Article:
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Bright liver: a surprise discovery

Published:September 29, 2020DOI:https://doi.org/10.1016/j.ejim.2020.09.018

      1. Case description

      A 69-year-old woman with hypothyroidism, alcoholic liver disease, coronary artery disease, ventricular arrhythmia requiring placement of an implantable cardioverter defibrillator, and end-stage renal disease on hemodialysis presented for evaluation of chronic anemia (hemoglobin level of 7-8 g/dL) with transfusion dependence. Notable medications include aspirin, amiodarone, warfarin, levothyroxine, and lansoprazole. Her vital signs were normal. Physical and neurological examinations yielded no abnormal findings. Laboratory tests revealed mild anemia with hemoglobin 7.6 g/dL, low iron at 47 μg/dl, with ferritin 150.7 ng/mL and 13.8% saturation. Aminotransferases and bilirubin were normal, however, the patient's fibrosis markers, such as hyaluronic acid and type IV collagen, were slightly elevated. Endoscopic evaluation by esophagogastroduodenoscopy and colonoscopy was negative for active gastrointestinal bleeding. Incidentally, an abdominal non-contrasted computed tomography (CT) revealed diffusely increased attenuation of the liver parenchyma (Fig. 1). What is the differential diagnosis of the CT finding?
      Fig 1
      Fig. 1A non-contrasted CT showed diffuse high attenuation of the liver parenchyma, compared with the CT density of the spleen.

      2. Discussion section

      As raising suspicion for amiodarone-induced hepatotoxicity and liver cirrhosis, amiodarone was discontinued on the cardiologist's consultation. The repeat abdominal CT 8 months later revealed normalization in liver attenuation (Fig. 2).
      Fig 2
      Fig. 2The increased hepatic attenuation was remarkably improved 8 months after amiodarone had been discontinued.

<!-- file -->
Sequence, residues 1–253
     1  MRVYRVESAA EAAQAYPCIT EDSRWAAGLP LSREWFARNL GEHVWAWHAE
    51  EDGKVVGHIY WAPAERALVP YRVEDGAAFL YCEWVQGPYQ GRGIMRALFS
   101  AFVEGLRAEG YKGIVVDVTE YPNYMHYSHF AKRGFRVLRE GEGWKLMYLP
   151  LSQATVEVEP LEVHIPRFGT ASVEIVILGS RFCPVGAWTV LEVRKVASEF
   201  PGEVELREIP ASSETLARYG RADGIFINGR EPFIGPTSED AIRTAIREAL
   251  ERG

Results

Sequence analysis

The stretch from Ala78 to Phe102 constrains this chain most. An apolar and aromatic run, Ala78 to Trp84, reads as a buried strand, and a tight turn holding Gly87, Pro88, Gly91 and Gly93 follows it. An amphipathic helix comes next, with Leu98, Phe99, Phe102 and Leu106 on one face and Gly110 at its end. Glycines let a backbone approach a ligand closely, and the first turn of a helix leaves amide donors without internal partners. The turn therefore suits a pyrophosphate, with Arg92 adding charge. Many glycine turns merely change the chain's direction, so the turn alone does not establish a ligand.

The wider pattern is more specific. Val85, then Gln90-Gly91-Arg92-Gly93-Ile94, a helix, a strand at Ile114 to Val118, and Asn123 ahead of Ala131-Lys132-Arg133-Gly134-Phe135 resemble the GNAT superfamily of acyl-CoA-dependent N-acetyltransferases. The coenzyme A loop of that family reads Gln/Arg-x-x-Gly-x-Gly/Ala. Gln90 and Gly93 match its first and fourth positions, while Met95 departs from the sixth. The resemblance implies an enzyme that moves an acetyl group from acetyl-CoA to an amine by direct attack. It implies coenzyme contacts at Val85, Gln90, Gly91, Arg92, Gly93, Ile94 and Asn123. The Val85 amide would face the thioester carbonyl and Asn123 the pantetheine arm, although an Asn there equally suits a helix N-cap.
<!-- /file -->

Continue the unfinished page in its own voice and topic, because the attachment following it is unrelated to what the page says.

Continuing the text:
Diffuse hepatic attenuation on CT includes multiple etiology such as iron deposition with anemia (e.g. hemochromatosis, thalassemia), copper deposition (e.g. Wilson's disease), glycogen storage diseases and drugs (e.g. amiodarone, gold therapy). Asymptomatic elevation of aminotransferases occurs in 25% of patients with long-term amiodarone administration [
      • Lewis J.H.
      • Ranard R.C.
      • Caruso A.
      • Jackson L.K.
      • Mullick F.
      • Ishak K.G.
      • et al.
      Amiodarone hepatotoxicity: prevalence and clinicopathologic correlations among 104 patients.
      ]. Therefore, hepatotoxicity caused by an adverse effect of the drug typically presents with an elevation of liver enzyme. Though clinicians regularly monitor a hepatic function panel with the intention of discontinuing amiodarone, amiodarone-induced hepatotoxicity being identified just by increased diffuse liver attenuation with normal aminotransferases is quite rare.

      Funding

      None. This research received no specific grant from any funding agency in the public, commercial, or not-for-profit sectors.

      Authors' contribution

      DM wrote the manuscript. DM and HH analyzed the patient's data. YA gave final approval of the manuscript.
      Written informed consent was obtained from the patient for publication of this case.

      Declaration of Competing Interest

      The authors declare that they have no known competing financial interests or personal relationships that could have appeared to influence the work reported in this paper.

      References

        • Lewis J.H.
        • Ranard R.C.
        • Caruso A.
        • Jackson L.K.
        • Mullick F.
        • Ishak K.G.
        • et al.
        Amiodarone hepatotoxicity: prevalence and clinicopathologic correlations among 104 patients.
        Hepatology. 1989; 9: 679-685https://doi.org/10.1002/hep.1840090504